The morning operation saw fraud squad detectives descend on a City office. Searches were later carried out in properties across the south east.
DI Teresa Russell, who is leading the investigation, said: “In 2013 the City of London Police has targeted a number of City offices housing what we believe are criminal operations intent on defrauding elderly and vulnerable people out of large sums of money, some of whom have parted with their life savings.
“We will take action against criminals involved in this type of scam, close down their operations, holding those responsible to account.”
The City of London Police advises people not to accept cold calls and always seek independent advice before committing to any financial investment.


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  1. Excellent news !
    Pity they cant be sent after the AGT (Advanced Global Trading) crowd who fleeced millions from un-suspecting investors here in Dubai !

  2. City of London operations can be targeted by the Police and about time too. I await further details with interest.

    However, there are a number of overseas operations now offering exits. AGT is one (we have all read about that outfit) but I am aware of a Gibraltar operation called First Administration, which is a consultancy rather than a broker, or so they say and another based in Marbella.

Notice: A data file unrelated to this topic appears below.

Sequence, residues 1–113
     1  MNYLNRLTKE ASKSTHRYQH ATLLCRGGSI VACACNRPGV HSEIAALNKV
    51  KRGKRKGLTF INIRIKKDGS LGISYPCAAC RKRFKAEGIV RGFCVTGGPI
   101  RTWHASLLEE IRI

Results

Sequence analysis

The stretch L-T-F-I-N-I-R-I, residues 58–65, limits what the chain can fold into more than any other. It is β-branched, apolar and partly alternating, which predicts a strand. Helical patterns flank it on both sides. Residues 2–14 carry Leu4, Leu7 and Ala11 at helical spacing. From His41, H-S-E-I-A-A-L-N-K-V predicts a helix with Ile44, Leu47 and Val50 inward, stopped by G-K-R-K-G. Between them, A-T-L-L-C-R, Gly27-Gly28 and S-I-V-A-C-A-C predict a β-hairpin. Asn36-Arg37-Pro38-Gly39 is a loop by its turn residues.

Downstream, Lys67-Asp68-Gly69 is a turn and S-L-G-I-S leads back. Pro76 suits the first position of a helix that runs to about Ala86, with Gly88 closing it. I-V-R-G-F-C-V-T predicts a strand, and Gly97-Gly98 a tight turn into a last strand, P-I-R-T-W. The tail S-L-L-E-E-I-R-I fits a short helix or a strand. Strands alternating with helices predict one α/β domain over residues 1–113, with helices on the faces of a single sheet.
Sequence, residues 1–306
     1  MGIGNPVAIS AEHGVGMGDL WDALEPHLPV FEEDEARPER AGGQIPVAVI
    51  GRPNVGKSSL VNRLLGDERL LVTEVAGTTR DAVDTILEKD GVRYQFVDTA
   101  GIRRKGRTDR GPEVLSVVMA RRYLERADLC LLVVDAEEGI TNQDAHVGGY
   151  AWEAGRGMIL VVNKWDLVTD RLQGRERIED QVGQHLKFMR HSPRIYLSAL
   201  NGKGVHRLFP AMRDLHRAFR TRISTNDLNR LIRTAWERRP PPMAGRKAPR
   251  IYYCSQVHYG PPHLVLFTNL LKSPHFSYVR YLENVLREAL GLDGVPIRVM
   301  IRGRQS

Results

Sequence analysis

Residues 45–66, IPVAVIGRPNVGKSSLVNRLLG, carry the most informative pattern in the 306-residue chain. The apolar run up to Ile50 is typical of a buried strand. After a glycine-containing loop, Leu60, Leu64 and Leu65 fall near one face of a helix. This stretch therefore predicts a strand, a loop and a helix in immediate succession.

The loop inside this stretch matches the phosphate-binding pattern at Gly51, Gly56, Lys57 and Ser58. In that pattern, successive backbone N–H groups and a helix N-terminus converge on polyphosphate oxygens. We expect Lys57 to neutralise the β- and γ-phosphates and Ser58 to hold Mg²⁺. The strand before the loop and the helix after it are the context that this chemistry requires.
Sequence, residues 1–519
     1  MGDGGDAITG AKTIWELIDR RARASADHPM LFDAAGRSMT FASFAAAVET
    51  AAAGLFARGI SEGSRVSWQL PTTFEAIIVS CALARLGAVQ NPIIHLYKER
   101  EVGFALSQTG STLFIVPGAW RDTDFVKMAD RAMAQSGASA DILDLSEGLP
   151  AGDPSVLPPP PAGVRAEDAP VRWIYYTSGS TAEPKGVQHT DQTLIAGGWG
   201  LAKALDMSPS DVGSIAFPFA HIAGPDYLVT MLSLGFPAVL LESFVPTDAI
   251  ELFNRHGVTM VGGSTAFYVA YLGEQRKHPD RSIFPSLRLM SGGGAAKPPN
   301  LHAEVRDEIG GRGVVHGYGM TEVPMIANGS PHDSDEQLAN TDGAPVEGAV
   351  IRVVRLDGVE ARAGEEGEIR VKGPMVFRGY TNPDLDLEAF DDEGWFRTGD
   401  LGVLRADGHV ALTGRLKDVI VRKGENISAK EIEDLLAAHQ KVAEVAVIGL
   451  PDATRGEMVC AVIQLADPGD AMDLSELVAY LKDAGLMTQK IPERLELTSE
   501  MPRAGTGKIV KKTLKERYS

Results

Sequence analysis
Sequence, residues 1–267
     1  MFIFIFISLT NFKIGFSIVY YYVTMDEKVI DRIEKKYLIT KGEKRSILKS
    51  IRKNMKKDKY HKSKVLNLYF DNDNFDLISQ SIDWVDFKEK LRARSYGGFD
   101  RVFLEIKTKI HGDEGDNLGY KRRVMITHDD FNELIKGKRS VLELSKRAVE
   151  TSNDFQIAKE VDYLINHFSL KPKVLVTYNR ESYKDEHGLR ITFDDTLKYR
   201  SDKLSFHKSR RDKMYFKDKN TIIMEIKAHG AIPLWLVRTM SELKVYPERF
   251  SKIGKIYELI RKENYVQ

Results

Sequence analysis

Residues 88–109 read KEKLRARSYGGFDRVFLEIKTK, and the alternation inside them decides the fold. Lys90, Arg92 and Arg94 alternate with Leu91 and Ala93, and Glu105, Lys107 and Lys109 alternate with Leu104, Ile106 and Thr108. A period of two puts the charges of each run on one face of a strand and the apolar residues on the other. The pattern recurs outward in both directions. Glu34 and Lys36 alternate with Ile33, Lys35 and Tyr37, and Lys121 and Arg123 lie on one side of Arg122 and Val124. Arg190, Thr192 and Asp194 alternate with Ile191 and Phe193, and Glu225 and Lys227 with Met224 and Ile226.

Carbonex have disappeared (presumably with loads of cash). I do not see a co-ordinated Interpol action as likely to bring individuals to account, which is a shame.

  3. Does anyone have any further details on which company offices they raided?

  4. Jon

    Would you happen to have further details for First Administration? There is no Gibraltar company nor registered Business Name with such a name. Perhaps you can point us to a website or address? Thanks.

  5. Thanks Mark. No reference to Gibraltar there now, or on Whois record. Google’s cache of the Contact page suggests it was there, but nothing on its latest cache.

    Ocean Heights is a residential building apart from its ground floor. 401 would be a flat. “First Administration House” is bogus. The 0845 is a UK number, as is the 203 one on the website.